Author Topic: zynqberry tutorial for dummies  (Read 6122 times)

svenssonjoel

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zynqberry tutorial for dummies
« on: March 26, 2016, 10:22:27 PM »

Is anyone up to speed with the zynqberry boards by now ?
If so. I would be extremely thankful to anyone who constructs a zynqberry version of a tutorial such as this one: http://www.fpgadeveloper.com/2014/07/creating-a-base-system-for-the-zynq-in-vivado.html

Up to this point I have been trying to get anywhere starting from the "hello_world" example. Which works fine if I program the device from the prebuilt  binaries in the package.
Recreating those however has been a dead-end (even after picking the brains of people on the Xilinx forums).

Thank you


Shogun

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Re: zynqberry tutorial for dummies
« Reply #1 on: March 28, 2016, 10:36:08 AM »
Hi svensonjoel,

up to speed? The ZPi was just released and I guess most of the sold units are in the hands of zynq beginners as we are.
It turns out it is a quite difficult task to get familiar with the zynq. We should share our experiences.

Major things I found out and some took me an enormous amount of time are:
- Trenz highly recommends to install Vivado to c:\Xilinx!
- A good place to start are the Trenz reference designs. They are good for deployment and to fulfill some tasks, but do not use them for development, the turn around times are far too slow and you do not have a debugger. Use the SDK instead!
- hdmi_fb does not work on all devices, you have a good chance if your monitor has an hdmi input. Many tv require a hdmi handshake or the screen will stay dark.
- Have a serial terminal opened before you start the flash or you will miss the uart outputs. Jtag uart and flash work in parallel!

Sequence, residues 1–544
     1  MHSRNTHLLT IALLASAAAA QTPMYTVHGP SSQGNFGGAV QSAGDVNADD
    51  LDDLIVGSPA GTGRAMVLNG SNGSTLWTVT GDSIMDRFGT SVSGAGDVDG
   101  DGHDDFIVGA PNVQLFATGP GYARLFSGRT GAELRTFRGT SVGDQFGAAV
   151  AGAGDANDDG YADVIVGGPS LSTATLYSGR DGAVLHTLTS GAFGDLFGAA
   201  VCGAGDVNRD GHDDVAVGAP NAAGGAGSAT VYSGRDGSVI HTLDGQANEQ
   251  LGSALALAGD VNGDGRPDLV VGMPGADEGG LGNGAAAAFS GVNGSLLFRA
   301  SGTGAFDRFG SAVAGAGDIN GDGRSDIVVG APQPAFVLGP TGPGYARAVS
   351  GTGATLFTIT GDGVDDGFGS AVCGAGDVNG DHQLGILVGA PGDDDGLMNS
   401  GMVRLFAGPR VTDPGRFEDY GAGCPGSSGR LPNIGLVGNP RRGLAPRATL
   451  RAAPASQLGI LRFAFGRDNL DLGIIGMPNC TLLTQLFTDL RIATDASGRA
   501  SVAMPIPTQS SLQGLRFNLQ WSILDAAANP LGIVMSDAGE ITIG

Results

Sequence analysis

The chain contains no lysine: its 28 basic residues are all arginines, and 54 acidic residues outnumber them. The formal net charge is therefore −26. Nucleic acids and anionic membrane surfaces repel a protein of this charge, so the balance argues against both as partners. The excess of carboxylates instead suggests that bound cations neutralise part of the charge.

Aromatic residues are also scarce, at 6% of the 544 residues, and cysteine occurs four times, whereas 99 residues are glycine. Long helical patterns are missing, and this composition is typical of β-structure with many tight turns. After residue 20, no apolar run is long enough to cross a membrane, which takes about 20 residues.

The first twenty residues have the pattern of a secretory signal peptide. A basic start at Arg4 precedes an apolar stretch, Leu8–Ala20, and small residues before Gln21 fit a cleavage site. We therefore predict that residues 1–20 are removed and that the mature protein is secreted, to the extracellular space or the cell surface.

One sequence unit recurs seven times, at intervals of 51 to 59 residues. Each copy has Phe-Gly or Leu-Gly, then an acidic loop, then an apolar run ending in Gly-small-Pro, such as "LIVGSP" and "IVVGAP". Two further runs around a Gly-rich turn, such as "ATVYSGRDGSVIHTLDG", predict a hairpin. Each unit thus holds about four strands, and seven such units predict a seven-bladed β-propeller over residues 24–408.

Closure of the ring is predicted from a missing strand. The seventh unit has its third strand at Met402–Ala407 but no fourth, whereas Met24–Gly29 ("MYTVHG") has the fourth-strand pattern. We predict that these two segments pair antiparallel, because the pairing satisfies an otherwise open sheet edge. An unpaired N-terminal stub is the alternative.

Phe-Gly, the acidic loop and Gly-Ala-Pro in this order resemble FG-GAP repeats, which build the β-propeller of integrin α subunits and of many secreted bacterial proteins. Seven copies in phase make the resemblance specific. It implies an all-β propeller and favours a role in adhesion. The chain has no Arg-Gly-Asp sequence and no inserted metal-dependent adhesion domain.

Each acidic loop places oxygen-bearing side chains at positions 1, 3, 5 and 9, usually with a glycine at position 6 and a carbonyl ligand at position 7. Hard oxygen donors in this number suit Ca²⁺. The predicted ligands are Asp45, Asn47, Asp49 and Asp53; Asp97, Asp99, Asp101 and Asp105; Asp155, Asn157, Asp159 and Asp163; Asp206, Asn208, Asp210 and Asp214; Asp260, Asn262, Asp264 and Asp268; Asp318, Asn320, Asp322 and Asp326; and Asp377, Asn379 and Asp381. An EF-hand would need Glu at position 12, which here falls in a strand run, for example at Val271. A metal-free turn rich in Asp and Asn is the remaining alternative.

How to create "Hello World" in SDK:
1. File/New/Application Project
   Select a default location
   Enter the project name: "Hello_World"
   Push the Hardware Platform select button [...] and in the box "Target Hardware Specification" use the "Browse"-Button to import from the test_board reference design "test_board/prebuilt/hardware/TE0726-<your board version>/test_board.hdf".
   Hardware Platform should now list "test_board_hw_platform_0" and you can immediately select that from now on.
   Hit the "Next Button"
2. Select "Hello World" from the templates.
   Hit "Finish" and wait patiently until the build is finished.
3. Now the really important! Many thanks to John Hartfield at Trenz, never I would have found that!
   In "system.mss" (should initally be opened) hit "Modify this BSP's Settings".
   Select "standalone"
   Choose "ps7_uart_1" for stdin and stdout!
   Hit OK and the project rebuilds.
4. Open a Terminal to your ZPi. I use Putty.
   In the SDK, Project Explorer, right click on "Hello_World", select "Run as/Lauch on Hardware (GDB).
   You now should see "Hello World" in your terminal and are ready to explore zynq baremetal.
I suggest next you try the "Peripheral Test" template.

This weekend I tried to get i2c working. I still use the test_board.hdf. The 40-pin connector of the board is not supported from the reference hdf's yet. But the 5 pin connector is.
I have not got that working. The experiences are typically the same I have since I got this board. There is always a show stopper, something that knocks me out. Too many questions arise, it is very time consuming to find answers (if there are any). Tutorials that you find in the net are often outdated, information that you get is misleading or wrong. Even from Xilinx.  But I feel I make some progress.
Example: For an i2c_scan I used library function XIicPs_MasterSendPolled(). Xilinx documents say there is a timeout, but it is not, the function does not return! I did not find any additional information about that.

At least some days ago I got Petalinux to work, with USB and ethernet supported. I failed to extend to an OpenAmp-system, followed the PetaLinux Setup described in UG1186 until the selection of rootfs apps and modules which are not accessible.
If there is demand on a tutorial on how to get a 2 core Petalinux working I would write that down.